Jenny D also tells a story about an English teacher who had to make a quick value judgement when presented with a cultural dilemma:

A HS English teacher in NYC had asked his students to write a brief composition. The next day, the students brought the writing to class, and the teacher told them he wanted several to read their work.

He called first on a girl, a Muslim girl wearing a hajab. She refused to read, and told the teacher she couldn’t recite until a boy had gone first, according to her religion.

What should the teacher do?

The answer is interesting:

The teacher decided that the girl was free, in a public school, to adhere to any religious values as long as they didn’t conflict with the civic values of a democratic society. When they conflicted with civic values, then in the school, civic values were tantamount.

And there’s the rub: for the teacher to respect the girl’s wishes, he wouldn’t have just had to be sensitive to her values. He would have had to go against his own. It’s not like the girl believed A about Topic X, while the teacher believed nothing about Topic X. The girl believed A, and the teacher believed Not A. A decision had to be made, and someone’s values would be dismissed.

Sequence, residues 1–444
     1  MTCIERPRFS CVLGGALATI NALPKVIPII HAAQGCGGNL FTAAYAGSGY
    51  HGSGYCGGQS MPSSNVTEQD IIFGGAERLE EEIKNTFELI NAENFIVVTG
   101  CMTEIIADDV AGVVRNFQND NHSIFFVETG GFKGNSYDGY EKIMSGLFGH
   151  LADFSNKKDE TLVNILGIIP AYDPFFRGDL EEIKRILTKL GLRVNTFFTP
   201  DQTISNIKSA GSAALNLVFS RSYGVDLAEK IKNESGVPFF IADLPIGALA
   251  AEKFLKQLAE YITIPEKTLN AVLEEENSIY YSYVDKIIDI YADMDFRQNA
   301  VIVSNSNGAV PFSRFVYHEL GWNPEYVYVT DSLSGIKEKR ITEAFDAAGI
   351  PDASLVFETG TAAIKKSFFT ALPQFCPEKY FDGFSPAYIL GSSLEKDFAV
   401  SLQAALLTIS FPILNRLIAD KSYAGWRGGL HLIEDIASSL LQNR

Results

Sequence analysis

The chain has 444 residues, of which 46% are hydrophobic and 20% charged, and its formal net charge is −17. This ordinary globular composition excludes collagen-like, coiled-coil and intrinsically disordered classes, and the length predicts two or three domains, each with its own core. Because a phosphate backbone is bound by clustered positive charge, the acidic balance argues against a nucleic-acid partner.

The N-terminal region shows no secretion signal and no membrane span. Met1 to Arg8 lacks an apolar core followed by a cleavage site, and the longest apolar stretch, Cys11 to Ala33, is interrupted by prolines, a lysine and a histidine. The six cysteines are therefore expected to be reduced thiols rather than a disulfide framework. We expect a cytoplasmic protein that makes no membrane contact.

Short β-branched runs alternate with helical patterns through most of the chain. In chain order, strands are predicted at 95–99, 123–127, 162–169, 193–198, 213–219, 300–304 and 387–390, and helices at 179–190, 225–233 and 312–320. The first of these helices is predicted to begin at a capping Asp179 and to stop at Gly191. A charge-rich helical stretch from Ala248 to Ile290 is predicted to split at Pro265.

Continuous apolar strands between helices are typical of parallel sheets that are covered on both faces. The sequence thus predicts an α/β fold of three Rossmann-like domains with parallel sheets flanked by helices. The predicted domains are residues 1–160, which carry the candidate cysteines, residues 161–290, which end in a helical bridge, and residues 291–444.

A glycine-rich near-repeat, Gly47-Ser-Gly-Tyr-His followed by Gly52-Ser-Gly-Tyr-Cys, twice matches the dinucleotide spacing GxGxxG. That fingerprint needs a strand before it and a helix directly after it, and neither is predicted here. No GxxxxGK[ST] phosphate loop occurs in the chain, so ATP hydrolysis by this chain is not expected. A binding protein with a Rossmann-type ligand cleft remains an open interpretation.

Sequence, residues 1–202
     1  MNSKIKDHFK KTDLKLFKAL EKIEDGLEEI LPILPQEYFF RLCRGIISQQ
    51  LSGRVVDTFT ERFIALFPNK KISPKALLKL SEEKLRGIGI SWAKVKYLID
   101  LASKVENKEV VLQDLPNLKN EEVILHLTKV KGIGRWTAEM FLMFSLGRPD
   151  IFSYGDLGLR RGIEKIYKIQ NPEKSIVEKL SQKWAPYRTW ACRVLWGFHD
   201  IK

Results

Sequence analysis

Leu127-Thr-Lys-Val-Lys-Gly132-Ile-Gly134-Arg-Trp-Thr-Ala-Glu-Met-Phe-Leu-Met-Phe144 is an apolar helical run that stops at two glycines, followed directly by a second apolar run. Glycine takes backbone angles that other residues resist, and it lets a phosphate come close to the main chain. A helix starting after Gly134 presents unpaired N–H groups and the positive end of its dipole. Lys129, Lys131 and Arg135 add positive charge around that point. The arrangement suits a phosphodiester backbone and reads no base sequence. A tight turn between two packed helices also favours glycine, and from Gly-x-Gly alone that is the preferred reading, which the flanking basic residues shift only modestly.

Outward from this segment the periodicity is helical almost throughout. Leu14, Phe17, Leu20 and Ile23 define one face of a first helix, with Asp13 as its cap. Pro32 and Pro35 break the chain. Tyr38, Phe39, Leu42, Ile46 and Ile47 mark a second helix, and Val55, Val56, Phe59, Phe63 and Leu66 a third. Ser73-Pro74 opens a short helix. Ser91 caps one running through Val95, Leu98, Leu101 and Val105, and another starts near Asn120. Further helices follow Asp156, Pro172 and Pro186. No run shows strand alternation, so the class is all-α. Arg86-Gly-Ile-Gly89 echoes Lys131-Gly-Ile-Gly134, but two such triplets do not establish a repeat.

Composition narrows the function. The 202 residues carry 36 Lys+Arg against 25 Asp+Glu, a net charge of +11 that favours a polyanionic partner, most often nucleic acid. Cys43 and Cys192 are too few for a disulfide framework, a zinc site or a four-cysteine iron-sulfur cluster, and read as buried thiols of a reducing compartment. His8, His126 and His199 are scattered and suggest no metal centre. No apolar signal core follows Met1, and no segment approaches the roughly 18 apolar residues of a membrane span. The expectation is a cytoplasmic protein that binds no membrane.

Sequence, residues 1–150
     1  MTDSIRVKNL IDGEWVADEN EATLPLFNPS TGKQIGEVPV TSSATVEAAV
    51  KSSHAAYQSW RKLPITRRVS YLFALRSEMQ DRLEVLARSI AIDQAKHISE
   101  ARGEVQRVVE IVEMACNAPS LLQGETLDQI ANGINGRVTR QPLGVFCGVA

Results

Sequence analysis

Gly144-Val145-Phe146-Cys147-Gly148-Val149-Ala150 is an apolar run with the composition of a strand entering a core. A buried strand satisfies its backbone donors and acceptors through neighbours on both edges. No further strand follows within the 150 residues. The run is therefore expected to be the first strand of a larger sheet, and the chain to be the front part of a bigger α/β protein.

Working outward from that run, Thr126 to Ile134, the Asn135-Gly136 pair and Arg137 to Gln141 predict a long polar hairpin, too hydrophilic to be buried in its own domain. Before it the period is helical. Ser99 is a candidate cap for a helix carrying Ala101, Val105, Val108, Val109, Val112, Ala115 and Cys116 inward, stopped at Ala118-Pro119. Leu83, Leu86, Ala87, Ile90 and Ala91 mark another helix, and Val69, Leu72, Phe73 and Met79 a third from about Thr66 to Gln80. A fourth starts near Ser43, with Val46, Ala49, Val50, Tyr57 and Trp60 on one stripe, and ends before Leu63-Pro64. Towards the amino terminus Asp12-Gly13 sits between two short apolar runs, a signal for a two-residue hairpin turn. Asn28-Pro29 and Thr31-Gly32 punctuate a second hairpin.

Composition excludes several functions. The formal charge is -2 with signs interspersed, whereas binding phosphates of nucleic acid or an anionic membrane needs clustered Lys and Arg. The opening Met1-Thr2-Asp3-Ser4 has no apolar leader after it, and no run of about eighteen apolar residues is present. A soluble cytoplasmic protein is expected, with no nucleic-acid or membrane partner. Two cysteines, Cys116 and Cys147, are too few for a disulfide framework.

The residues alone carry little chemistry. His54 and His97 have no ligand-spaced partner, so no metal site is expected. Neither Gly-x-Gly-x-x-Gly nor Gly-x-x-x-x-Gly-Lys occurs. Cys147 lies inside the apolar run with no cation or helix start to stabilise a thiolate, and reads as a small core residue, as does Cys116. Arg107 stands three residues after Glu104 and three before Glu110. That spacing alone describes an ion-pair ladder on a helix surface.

And in this case, if the teacher had adhered to the girl’s wish that she speak only after a boy had spoken, the teacher would have, on some level, had to convey to some male student that his speaking had a privileged position over the girl’s. I don’t blame him for not wanting to send that message. (This is different from the absurd French ban on hijabs in public schools, which girls can wear without requiring any change in behaviour on the parts of their classmates.)

Interesting stuff going on. I try my utmost to be sensitive to the many different backgrounds that my students come from. At the same time, I recognize that they may hold values that are at odds with one another and with me, and my priority isn’t to make sure that for four hours a week, they have a forum to practice those values; my priority is to make sure that all of them learn the material I am teaching.